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         Astaxanthin

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Astaxanthin

This antioxidant can be helpful in macular degeneration and boosting immune function. It is not made by the body so has to be taken in.

What is astaxanthin?

It is similar to beta-carotene but a slight difference in the structure, and causes a radical difference in biological activity. It is ten times stronger than beta-carotene and up to 500 times stronger than vitamin E as an antioxidant. Unique aspects of the astaxanthin structure allow it to pass the "blood brain barrier", meaning it can deliver antioxidant activity benefits directly to the brain, eyes and nervous system.

This fat-soluble carotenoid is found in the red yeast Phaffia rhodozyma, used in Asian cooking. It is also produced by the algae Haematococcus and accumulates in the muscles of salmon, shrimp, trout and other pink seafood when they eat this algae, which is what gives them their pink hue.

How it works

Astaxanthin kills free radicals in your body, staving off age related diseases like macular degeneration, by preventing these unstable molecules from damaging your cells according to Timothy Maher Ph.D. It also boosts the functioning of your immune system by increasing the number and activity of T cells and macrophages, two kinds of protective cells that fight infection and cancer.

Eye health

Certain carotenoids have been shown to help protect the retina of the eye from oxidative damage. The lens of the eye focuses incoming light onto the photosensitive retina, which then transmits visual signals to the brain. In the central area of the retina lies the macula, which has the highest density of photoreceptors that provides visual acuity. Oxidation, as from sunlight exposure, degrades the retinal membranes and likely leads to damage or destruction of photoreceptor cells.

A recent study indicates that astaxanthin is able to cross the blood retinal barrier and exert antioxidant effects to stop retinal destruction by staving off light induced oxidation and protect photoreceptors from degeneration.

How to take it

Take in pill form from 2-5mg per day for a therapeutic dose. Eat pink seafood like salmon which are food sources. No adverse effects have been reported by people consuming astaxanthin, whether in pill, in yeast or seafood.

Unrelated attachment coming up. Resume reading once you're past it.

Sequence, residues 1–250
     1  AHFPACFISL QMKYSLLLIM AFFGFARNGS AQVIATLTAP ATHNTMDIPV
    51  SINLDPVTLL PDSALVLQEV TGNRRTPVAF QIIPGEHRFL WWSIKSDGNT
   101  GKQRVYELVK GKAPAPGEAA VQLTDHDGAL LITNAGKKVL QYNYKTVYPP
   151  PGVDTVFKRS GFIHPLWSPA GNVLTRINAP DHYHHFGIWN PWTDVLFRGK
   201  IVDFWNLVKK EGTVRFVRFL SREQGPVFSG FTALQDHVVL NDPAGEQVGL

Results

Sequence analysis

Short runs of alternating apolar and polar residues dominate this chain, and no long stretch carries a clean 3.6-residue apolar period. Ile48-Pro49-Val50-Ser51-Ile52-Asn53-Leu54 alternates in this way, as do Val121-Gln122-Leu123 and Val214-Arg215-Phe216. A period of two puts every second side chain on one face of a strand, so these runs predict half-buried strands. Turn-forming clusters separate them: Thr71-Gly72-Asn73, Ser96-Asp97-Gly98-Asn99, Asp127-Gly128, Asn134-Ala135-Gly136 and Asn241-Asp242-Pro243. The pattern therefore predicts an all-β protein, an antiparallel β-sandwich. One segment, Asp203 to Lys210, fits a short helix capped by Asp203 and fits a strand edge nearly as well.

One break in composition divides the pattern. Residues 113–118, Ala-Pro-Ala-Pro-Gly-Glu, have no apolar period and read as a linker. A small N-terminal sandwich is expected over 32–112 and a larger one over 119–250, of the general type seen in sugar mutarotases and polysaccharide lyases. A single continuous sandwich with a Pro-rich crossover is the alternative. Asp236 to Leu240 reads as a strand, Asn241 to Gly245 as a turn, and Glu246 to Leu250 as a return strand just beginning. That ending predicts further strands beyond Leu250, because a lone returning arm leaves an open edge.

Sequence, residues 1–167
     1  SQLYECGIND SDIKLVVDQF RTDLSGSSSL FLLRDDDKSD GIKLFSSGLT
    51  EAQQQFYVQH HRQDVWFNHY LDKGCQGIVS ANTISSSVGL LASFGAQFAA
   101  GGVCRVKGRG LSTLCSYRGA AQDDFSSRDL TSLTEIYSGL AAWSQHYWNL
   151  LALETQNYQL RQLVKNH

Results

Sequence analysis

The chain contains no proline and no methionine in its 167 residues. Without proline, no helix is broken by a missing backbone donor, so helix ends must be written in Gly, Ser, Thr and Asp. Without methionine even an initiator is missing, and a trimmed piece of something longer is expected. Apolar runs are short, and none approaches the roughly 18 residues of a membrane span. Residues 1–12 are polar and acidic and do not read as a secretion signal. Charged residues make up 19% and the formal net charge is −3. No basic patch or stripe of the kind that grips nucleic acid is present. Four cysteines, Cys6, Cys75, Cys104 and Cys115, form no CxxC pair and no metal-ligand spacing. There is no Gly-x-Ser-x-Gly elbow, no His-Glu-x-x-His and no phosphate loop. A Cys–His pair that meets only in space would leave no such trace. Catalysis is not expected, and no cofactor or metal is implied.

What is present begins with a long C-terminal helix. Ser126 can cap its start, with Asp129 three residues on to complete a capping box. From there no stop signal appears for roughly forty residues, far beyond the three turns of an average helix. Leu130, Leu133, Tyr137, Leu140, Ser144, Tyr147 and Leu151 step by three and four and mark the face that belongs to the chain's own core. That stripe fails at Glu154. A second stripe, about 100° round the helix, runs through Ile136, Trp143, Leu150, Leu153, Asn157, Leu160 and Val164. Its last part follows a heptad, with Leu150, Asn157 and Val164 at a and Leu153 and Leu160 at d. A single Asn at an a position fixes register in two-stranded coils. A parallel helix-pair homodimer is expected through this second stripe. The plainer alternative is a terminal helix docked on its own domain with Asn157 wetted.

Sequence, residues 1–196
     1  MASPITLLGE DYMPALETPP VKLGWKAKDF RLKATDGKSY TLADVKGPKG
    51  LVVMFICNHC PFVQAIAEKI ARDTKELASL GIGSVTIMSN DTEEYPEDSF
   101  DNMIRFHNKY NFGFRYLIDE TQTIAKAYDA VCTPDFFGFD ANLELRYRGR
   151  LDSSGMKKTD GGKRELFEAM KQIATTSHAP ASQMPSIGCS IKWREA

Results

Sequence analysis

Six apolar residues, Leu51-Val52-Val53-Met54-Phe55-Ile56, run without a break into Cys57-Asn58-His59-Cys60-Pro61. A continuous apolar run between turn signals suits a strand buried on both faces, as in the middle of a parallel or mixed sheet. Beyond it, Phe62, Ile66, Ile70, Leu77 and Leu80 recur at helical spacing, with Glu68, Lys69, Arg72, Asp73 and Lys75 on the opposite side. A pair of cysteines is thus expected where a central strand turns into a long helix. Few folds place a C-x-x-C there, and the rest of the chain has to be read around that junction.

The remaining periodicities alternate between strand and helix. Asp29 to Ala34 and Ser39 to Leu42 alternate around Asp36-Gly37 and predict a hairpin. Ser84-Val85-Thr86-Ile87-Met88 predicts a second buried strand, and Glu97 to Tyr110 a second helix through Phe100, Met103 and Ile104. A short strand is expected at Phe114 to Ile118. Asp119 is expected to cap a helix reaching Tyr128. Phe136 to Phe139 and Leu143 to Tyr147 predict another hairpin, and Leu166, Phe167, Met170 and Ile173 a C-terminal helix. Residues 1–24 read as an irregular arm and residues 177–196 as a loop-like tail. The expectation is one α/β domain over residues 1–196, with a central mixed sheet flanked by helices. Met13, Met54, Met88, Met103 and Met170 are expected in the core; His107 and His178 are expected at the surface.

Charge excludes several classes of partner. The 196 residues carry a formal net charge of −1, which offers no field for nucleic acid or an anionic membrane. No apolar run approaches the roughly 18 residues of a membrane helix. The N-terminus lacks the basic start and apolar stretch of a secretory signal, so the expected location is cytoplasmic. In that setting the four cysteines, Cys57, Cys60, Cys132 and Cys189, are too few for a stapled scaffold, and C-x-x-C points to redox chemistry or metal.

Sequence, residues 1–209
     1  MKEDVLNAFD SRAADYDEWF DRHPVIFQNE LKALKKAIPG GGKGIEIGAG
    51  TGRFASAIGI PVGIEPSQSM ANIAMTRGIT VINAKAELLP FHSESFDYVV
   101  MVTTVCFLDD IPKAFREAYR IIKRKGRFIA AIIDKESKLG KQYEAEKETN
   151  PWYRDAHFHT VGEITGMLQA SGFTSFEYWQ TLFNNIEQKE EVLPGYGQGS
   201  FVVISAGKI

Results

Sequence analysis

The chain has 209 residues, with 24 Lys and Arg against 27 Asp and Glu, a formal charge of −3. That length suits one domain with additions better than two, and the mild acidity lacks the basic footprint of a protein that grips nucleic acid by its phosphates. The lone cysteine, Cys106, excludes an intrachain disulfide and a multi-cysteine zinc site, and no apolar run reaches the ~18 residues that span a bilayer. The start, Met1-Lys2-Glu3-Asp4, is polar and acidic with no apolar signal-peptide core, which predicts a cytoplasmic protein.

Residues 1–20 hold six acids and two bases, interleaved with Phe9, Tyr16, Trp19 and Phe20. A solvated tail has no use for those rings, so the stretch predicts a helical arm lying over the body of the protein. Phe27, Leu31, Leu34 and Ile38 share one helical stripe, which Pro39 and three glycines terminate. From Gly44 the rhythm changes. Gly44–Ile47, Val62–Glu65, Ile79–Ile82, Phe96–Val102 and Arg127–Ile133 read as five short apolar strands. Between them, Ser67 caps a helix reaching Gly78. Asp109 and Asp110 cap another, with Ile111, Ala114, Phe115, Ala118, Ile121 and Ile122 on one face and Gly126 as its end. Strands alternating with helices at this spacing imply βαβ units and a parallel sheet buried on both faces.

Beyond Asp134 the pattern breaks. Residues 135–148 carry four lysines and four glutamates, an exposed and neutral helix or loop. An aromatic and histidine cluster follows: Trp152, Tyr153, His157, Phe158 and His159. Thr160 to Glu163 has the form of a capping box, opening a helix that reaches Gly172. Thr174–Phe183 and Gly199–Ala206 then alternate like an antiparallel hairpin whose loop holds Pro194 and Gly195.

Research

Astaxanthin for Health of the Eye and Central Nervous System

The possible role of antioxidants in alleviating oxidation stress and other oxidative damages to the eye and the nervous system has been extensively reviewed by Trevithick and Mitton (1999).

  • As one of nature's most effective antioxidants with the ability to cross the blood-brain barrier (Tso and Lam, 1996), astaxanthin's potential benefits for the health of the eye and the nervous system are very promising.
  • The eye is potentially one of the organs that is the most exposed to oxidation, because it is exposed to air and UV-light as well as being fed by a very large number of small capillaries capable of bringing many of the metabolic oxidative residues through the blood.
  • The eye also contains high levels of polyunsaturated fatty acids and pigments that are sensitive to oxidation (Starostin 1988, Donstov et al. 1999). Recently, a research group demonstrated increased superoxide and peroxide formation following UV irradiation of a lens protein (Linetsky et al. 1996). Photoxidation of the lens proteins have been associated to the development of cataracts (Taylor, 1993).
  • Lutein and zeaxanthin, the carotenoids naturally found in the human retina, are closely related to astaxanthin. There is abundant evidence that certain carotenoids can help protect the retina from oxidative damage (Snodderly 1995).
  • Investigations of the antioxidant effectiveness of astaxanthin in the eye are just beginning but are already very promising. A recent study with rats indicates that astaxanthin can be effective at ameliorating retinal injury, and that it is also effective at protecting photoreceptors from degeneration (Tso and Lam 1996).
  • The conclusions of this study were that astaxanthin could be useful for prevention and treatment of neuronal damage associated with age-related macular degeneration, and that it may also be effective at treating ischemic reperfusion injury, Alzheimer's disease, Parkinson's disease, spinal cord injuries, and other types of central nervous system injuries (Tso and Lam 1996). In this study, astaxanthin was found to easily cross the blood-brain barrier (unlike beta-carotene), and did not form crystals in the eye (unlike canthaxanthin) (Tso and Lam 1996).
  • These conclusions concur with those of Sokol & Papas (1999) who report encouraging results in the possible use of antioxidants to treat or prevent neurodegenerative diseases such as Alzheimer's disease.

Light, especially UV light, can trigger photoxidation mechanisms and produce active oxygen species such as singlet oxygen (Noguchi and Niki, 1999, McVean et al. 1999). Lipids (Dontsov et al. 1999, Guillen-Sans & Guzman-Chozas, 1998), pigments (Ostrovskii, 1987, Starostin et al. 1988), DNA (Dunford et al. 1997), proteins (Taylor 1993) have been reported to be sensitive to photoxidation.

Oxidative damage to the eye and skin by UV light has been widely documented (Trevithick and Mitton, 1999, McVean et al,. 1999). The strong antioxidative activities of astaxanthin suggest its potential as a photoprotectant, as indicated by the recent study by Tso and Lam (1996), cited above, indicating lower damage by UV light to the eye of animals fed astaxanthin, although the effects of astaxanthin on mice exposed to UV irradiation have not been conclusive (Savoure et al. 1995; Black 1998). Nevertheless, astaxanthin-containing preparations for prevention of light aging of skin have been developed (Suzuki et al. 1996a, 1996b).